Watching news of the ongoing invasion of the Ukraine, where my father was born, reminds me of the fragility of the equilibrium we take for granted.

For today’s poem, I’ve selected a translation of a Russian poet, Anna Akhmatova, who also lived in troubled times. It seems appropriate for all those who are standing their ground in the Ukraine. The Russian follows the English.


Lot’s Wife

And God’s luminous messenger, larger than life,
led the one righteous man along the black mountain.
But regret cried out to his wife:
“It’s not too late, you can still catch a glimpse
of Sodom, the red rooftops of home,
the square where you sang, the yard where you spun,
the tall house, its windows abandoned—
the house where your sons and daughters were born.”

She looked back—a sudden arc of pain stripped her eyes of sight,
fused her feet to the ground—
her flesh became transparent salt.

Who will mourn this nameless woman? She seems the least of all we lack.
Yet I, for one, can never forget
how she gave her life for one look back.

Anna Akhmatova, 1924

Лотова жена

И праведник шел за посланником бога, Огромный и светлый, по черной горе.
Но громко жене говорила тревога:
Не поздно, ты можешь еще посмотреть На красные башни родного Содома,
На площадь, где пела, на двор, где пряла, На окна пустые высокого дома,

Где милому мужу детей родила.

Взглянула – и, скованы смертною болью, Глаза ее больше смотреть не могли;
И сделалось тело прозрачною солью,
И быстрые ноги к земле приросли.

Кто женщину эту оплакивать будет?
Не меньшей ли мнится она из утрат?
Лишь сердце мое никогда не забудет
Отдавшую жизнь за единственный взгляд.

Translated by Meryl Natchez
Poems from the Stray Dog Cafe, 2013

Poetry Monday

StrayDog-679x1024_optThis poem, untitled when written, has since been labeled “Stalin Epigram.” Osip Mandelstam wrote it at the height of the Stalin purges, in 1933, and recited it to a literary gathering at Pasternak’s house. Someone at that gathering reported him, and he was exiled to a remote village and later arrested. He died on the way to Siberia. So in a way, this poem cost him his life.

I will read this and other poems from my new book of translations, Poems from the Stray Dog Cafe: Akhmatova, Mandelstam, and Gumilev, at University Press Books in Berkeley on Thursday, September 26 at 6 pm.

Polina Barskova will read some of the Russian.

Мы живем, под собою не чуя страны,
Наши речи за десять шагов не слышны,

А где хватит на полразговорца,
Там припомнят кремлёвского горца.

Его толстые пальцы, как черви, жирны,
А слова, как пудовые гири, верны,

Тараканьи смеются усища,
И сияют его голенища.

А вокруг него сброд тонкошеих вождей,
Он играет услугами полулюдей.

Кто свистит, кто мяучит, кто хнычет,
Он один лишь бабачит и тычет,

Как подкову, кует за указом указ:
Кому в пах, кому в лоб, кому в бровь, кому в глаз.

Что ни казнь у него – то малина
И широкая грудь осетина.
May, 1933

Stalin Epigram

We live, but cannot feel the earth,
And if we speak, we can’t be heard.

But wherever you hear a half-conversation,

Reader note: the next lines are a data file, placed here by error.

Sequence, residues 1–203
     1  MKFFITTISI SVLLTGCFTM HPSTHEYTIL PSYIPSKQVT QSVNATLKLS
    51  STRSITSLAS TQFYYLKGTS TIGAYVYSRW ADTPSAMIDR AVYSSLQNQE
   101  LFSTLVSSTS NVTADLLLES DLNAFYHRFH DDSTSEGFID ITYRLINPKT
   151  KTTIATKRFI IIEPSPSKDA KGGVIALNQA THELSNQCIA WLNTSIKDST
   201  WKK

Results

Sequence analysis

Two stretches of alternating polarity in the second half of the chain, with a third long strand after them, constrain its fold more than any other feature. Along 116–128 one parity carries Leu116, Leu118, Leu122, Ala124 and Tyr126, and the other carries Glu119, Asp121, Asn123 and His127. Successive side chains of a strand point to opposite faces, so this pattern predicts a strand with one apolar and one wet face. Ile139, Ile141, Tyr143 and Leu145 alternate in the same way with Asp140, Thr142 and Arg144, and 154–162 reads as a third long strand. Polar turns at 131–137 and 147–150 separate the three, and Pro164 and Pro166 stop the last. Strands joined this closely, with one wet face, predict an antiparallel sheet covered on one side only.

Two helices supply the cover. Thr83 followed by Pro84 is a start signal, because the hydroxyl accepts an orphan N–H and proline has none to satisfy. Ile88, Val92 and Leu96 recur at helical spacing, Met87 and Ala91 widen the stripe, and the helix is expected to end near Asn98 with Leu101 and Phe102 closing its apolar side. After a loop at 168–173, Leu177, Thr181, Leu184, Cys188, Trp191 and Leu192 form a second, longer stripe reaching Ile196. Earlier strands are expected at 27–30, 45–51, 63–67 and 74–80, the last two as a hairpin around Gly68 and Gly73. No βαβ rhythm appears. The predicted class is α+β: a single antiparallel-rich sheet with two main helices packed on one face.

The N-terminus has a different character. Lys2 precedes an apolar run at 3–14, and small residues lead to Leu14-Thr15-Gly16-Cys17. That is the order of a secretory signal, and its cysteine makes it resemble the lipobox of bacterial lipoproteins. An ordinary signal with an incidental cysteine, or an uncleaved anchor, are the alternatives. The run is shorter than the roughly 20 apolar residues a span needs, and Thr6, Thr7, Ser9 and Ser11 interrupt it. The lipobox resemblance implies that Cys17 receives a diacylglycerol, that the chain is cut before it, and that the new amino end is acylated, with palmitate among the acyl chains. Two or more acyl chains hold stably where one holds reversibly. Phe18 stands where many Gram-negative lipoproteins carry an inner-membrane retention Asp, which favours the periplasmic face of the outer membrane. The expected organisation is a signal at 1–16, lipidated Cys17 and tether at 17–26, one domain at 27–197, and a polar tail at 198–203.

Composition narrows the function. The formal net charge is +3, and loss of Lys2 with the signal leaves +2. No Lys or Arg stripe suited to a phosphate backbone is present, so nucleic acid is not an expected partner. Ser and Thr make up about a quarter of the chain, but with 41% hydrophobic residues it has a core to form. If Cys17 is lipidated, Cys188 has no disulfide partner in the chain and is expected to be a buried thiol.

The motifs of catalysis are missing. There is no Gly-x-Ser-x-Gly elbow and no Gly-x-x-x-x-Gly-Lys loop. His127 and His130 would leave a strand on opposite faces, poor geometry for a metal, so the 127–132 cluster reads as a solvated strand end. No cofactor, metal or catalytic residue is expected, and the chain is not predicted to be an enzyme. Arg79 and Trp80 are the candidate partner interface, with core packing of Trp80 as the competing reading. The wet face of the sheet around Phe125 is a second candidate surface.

They talk of that backwoods lout in the Kremlin.

Ten fat fingers like greasy worms,
Each of his words weighs fifty pounds.

His moustache bristles in cockroach laughter,
And his polished jackboots glitter.

His gang surrounds him, a spineless crew,
Half-men who do what he tells them to.

Some growl, some whimper, some yowl and hiss,
But he alone rages and bangs his fists.

Decree on decree like horseshoes fly
At groin, forehead, eyebrow, eye.

Each execution—sweet as a berry,
To this broad-chested thug from Gori.

The full press release follows…. Continue reading “Poetry Monday”

On the radio

images-1Here is a podcast from  J.P. Dancing Bear’s  radio show, FM91.5 KKUP’s “Out of Our Minds.”

Bear does a one-hour poetry radio show every Wednesday night at 8 pm. I was lucky to be his guest.

He’s a pro, and makes it flow so easily. He also has a great-looking cat.


Translation and a poetry reading

Forty-five years ago, I began translating Russian poetry. Okay, I was a strange young adult. But this year, a book of my poetry translations was finally published, Poems from the Stray Dog Cafe: Akhmatova, Mandelstam, and Gumilev. Here’s one of the poems:

StrayDog-679x1024_optНо я предупреждаю вас,
Что я живу в последний раз.
Ни ласточкой, ни кленом,
Ни тростником и ни звездой,
Ни родниковою водой,
Ни колокольным звоном –
Не буду я людей смущать
И сны чужие навещать
Неутоленным стоном

Ah, but I am warning you
This life’s the last I’m living through.
Not as a swallow, or a poplar
Not as a reed or a star,
Not as water from a well
Nor a bell’s hollow song—
I won’t return to trouble men
Or visit stranger’s dreams again
With my unquenchable lament.

Anna Akhmatova,  1940

If you like this, you can hear more at the Center for the Book in San Francisco (an interesting place to visit) this Friday, August 9, as part of a reading of Littoral Press authors:

Susan Gangel l William A. Henkin l Karen Lee Hones l Rick Kempa l Kit Kennedy Stephen Kessler l Joe Lamb l Bill Mayer l Meryl Natchez l Steven Rood

Friday, Auqgust 9, 2013 at 7 p.m.

San Francisco Center for the Book, 375 Rhode Island St. at 16th, San Francisco, 415-565-0545

Or you can buy a copy of the book (listed on page 4).